David Kershaw has always loved makings and uses wood, brass, plastic and electronics in his work. ? There seems to be various levels of accomplishment in the model making world. From bought plastic kits ready to be painted, through models made from scratch ( all the parts made by hand), to museum standard models that are too good to be played with in case they got damaged. David placed himself in the middle of the range, making some things from scratch, buying in other peoples failures from E Bay, but not achieving museum standard of finish.
The Gun Carriage was made from scratch. He had made a jig to ensure that all the wheels were the same size, and that the axel was in the middle. A brass tire was added to hide the method of manufacture. To a chainsaw carver this seems very fiddly work, but he manages all his work on a small table, whereas my workshop extends the whole of the basement and is still crowded.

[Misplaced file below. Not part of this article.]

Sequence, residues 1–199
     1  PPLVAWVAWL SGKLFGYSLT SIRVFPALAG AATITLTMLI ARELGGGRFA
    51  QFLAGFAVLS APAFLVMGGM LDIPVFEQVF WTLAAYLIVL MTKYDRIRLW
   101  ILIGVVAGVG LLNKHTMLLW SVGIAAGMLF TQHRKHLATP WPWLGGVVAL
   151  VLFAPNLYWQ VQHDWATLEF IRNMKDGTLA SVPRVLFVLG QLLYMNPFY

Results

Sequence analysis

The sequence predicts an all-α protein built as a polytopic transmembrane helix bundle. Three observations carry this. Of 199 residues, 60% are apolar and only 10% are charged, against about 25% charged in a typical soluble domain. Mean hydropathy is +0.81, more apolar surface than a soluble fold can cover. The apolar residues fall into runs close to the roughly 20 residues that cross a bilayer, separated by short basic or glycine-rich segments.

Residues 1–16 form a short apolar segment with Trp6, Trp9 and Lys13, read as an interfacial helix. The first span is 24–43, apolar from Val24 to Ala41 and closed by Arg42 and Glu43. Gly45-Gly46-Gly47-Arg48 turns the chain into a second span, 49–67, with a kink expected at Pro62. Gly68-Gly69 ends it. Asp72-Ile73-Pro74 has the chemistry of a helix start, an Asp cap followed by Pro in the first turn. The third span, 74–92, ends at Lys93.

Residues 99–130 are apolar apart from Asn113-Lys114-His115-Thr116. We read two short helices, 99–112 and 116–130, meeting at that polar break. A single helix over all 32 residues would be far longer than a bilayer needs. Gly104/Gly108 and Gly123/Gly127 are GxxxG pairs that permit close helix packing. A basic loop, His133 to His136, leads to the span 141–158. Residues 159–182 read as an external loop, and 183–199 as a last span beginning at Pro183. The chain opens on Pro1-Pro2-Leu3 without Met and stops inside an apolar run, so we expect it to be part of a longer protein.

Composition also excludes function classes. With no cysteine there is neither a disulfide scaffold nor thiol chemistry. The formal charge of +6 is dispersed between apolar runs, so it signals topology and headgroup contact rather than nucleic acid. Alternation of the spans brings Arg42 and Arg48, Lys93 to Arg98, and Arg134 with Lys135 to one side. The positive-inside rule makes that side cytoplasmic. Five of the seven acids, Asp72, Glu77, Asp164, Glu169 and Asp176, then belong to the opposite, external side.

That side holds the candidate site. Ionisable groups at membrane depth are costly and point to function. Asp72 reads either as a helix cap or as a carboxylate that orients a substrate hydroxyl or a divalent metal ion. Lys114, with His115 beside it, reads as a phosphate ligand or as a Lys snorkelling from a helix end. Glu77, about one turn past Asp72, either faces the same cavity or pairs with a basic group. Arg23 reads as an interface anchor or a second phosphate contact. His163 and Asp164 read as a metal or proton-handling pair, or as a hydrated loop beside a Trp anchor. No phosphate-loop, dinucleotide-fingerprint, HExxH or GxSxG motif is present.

David showed us two boats. The Fire boat was an E Bay wreck which needed to be stripped of paint, have certain repairs , and some parts made from scratch. The other boat he is making to plans and he described the problems of this sort of work. It is so easy to get the keel out of line, as the glued on pieces may exert strong forces pulling the whole boat slightly out of shape. He will sail these boats in Heywood with the Mutual Model Boat Society from 9.30 to 12 on Sundays. He says he prefers boats to airplanes as planes crash more frequently . A trick of the trade? ?He used a curtain ring as a life?Lifebuoy!!
David has a web site that shows the process of building a boat www.perkasa.co.uk
The gun carriage was built from scratch. A kit would have cost 30, would not have a solid brass cannon, and would not have been half as much fun to make.